With a small flock (currently 7 and counting) of hens in our backyard, we have no shortage of the freshest eggs on Cedar Street!  Well, not including those eggs laid by our neighbor’s hens Maddie & Betty.  We’ve created our own version of this classic egg pie using a not-so-secret ingredient…buttermilk!

3-Egg Buttermilk Quiche

1 pie crust, homemade or ?

3-4 large eggs*

1 cup buttermilk

1 teaspoon Raggedy Hen Farm Seasoning 

1/2 cup chopped veggies of choice (we are currently using a lot of summer squash, red & green peppers, onions, and tomatoes from the garden)

1 Tablespoon organic olive oil

1 cup cheese (you choose)

1/2 cup cooked meat , optional (good with ham, cooked ground pork, shredded chicken, sausage)

Salt & Pepper

Roll out pie crust and place it in a pie pan, crimp edges if you’d like, but get it ready for the egg mixture.  Preheat oven to 350 degrees.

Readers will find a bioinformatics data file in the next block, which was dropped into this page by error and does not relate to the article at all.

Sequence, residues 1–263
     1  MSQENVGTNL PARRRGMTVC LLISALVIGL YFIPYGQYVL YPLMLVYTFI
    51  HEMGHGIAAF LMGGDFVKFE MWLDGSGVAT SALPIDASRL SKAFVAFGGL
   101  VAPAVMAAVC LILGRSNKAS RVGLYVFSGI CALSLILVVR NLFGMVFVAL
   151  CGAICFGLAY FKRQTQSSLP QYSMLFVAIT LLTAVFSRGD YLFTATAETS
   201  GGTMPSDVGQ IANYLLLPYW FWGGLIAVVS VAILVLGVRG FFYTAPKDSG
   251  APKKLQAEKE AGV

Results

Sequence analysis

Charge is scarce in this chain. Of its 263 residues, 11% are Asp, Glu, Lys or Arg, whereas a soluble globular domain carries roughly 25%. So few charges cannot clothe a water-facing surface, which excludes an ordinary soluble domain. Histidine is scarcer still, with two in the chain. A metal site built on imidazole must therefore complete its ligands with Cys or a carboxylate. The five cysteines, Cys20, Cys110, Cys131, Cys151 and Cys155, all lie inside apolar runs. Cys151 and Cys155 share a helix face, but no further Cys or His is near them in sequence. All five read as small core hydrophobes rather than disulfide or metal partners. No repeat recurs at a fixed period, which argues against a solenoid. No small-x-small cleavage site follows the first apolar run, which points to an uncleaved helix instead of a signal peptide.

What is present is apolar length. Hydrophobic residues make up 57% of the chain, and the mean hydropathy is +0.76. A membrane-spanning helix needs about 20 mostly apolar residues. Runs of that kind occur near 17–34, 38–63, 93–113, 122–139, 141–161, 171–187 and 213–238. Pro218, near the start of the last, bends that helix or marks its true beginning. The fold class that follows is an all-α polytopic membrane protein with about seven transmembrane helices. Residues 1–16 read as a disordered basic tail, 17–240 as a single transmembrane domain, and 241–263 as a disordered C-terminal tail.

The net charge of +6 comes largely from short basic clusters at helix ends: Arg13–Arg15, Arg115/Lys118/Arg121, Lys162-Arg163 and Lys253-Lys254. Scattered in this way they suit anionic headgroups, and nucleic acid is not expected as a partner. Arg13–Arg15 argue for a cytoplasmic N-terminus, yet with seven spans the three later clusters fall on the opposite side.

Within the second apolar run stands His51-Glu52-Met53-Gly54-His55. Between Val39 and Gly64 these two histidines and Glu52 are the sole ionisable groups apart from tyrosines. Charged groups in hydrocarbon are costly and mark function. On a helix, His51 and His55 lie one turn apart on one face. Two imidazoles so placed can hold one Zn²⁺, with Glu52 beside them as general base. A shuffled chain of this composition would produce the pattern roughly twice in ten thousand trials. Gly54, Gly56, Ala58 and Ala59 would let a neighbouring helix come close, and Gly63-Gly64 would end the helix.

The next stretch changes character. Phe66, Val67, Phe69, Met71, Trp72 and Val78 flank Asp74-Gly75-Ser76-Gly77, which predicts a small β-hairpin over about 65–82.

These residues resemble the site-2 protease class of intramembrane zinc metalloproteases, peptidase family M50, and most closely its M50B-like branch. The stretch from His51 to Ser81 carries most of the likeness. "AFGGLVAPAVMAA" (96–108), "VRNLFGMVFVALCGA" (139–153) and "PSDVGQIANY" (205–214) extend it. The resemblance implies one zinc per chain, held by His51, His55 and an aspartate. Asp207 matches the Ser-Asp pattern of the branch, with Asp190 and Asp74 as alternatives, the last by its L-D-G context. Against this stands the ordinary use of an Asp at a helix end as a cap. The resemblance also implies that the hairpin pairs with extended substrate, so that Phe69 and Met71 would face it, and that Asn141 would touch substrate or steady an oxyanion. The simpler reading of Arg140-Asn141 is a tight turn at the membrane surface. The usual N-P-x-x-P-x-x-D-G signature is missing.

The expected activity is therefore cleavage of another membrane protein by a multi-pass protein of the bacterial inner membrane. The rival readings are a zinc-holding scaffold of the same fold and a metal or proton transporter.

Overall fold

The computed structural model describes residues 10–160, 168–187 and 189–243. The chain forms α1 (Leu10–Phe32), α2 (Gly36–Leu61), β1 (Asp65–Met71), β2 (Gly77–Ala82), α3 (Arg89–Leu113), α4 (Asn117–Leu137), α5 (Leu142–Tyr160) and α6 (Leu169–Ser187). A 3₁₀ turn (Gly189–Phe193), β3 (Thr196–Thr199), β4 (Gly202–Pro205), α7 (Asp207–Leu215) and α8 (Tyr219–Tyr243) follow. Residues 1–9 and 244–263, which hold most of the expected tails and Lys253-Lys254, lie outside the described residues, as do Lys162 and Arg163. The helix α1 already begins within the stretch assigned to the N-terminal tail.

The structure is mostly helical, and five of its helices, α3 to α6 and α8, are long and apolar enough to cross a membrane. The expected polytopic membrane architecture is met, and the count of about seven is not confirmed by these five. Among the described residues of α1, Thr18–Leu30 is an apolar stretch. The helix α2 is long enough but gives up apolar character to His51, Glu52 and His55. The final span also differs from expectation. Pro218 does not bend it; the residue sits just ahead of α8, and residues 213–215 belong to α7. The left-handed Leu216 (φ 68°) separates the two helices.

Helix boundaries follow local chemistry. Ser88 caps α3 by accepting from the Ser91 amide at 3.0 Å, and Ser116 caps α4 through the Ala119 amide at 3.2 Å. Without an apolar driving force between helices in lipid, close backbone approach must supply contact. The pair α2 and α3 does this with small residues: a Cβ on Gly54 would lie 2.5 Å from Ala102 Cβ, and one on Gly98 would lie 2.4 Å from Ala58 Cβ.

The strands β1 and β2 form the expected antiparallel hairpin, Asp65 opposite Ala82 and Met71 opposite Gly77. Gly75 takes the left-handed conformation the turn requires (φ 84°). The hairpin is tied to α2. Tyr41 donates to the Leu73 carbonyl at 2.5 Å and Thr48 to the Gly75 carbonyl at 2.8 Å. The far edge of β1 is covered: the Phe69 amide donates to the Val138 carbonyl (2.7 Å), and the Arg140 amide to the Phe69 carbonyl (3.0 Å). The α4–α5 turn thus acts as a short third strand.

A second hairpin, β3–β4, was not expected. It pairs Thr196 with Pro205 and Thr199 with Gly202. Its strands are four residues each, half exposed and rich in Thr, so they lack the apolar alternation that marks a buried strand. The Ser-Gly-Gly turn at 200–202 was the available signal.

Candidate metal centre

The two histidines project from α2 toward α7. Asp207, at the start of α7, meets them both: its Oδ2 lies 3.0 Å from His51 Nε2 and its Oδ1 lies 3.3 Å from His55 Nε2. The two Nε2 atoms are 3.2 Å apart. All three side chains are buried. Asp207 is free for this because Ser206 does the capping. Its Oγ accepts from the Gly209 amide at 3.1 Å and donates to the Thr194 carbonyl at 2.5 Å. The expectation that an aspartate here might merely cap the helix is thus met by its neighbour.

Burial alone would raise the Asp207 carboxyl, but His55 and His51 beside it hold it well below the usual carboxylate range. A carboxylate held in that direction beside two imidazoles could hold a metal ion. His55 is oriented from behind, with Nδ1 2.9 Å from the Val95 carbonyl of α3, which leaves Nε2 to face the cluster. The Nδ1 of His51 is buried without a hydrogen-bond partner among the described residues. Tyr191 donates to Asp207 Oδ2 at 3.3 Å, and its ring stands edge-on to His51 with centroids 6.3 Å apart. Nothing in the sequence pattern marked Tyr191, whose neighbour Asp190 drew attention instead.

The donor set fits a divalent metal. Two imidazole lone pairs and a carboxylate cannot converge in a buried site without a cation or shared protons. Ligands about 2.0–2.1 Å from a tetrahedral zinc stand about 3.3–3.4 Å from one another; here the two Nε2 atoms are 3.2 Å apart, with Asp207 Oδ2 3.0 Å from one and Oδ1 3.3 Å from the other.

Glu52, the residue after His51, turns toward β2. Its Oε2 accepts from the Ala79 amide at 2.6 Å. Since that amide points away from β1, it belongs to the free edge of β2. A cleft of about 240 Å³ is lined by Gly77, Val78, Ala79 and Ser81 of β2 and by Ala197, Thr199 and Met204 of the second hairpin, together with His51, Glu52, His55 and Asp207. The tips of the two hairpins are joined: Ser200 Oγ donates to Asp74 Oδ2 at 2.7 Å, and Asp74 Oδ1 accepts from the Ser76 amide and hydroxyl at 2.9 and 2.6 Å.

Mix eggs in a medium size bowl and add 1 cup buttermilk.  If you don’t have buttermilk, add about 1 Tablespoon vinegar (white, apple cider, infused) to 1 cup of milk and use.  Mix in raggedy Hen Farm Seasoning to this mixture.  Meanwhile, sautee’ chopped veggies in 1 Tablespoon olive oil at medium high heat, just until tender.  Toss cooked veggies, cooked meat, and cheese into the waiting pie shell.  Pour egg and milk mixture over and shake lightly so that mixture moves to take up the whole pie.  Don’t worry if it doesn’t come to the very top as it will puff up and expand in the oven.  Bake in 350 degree oven for 20-25 minutes or until puffed, slightly brown, and eggs are set.  Remove and let cool for a few minutes to allow the eggs to further set and then slice into wedges an enjoy!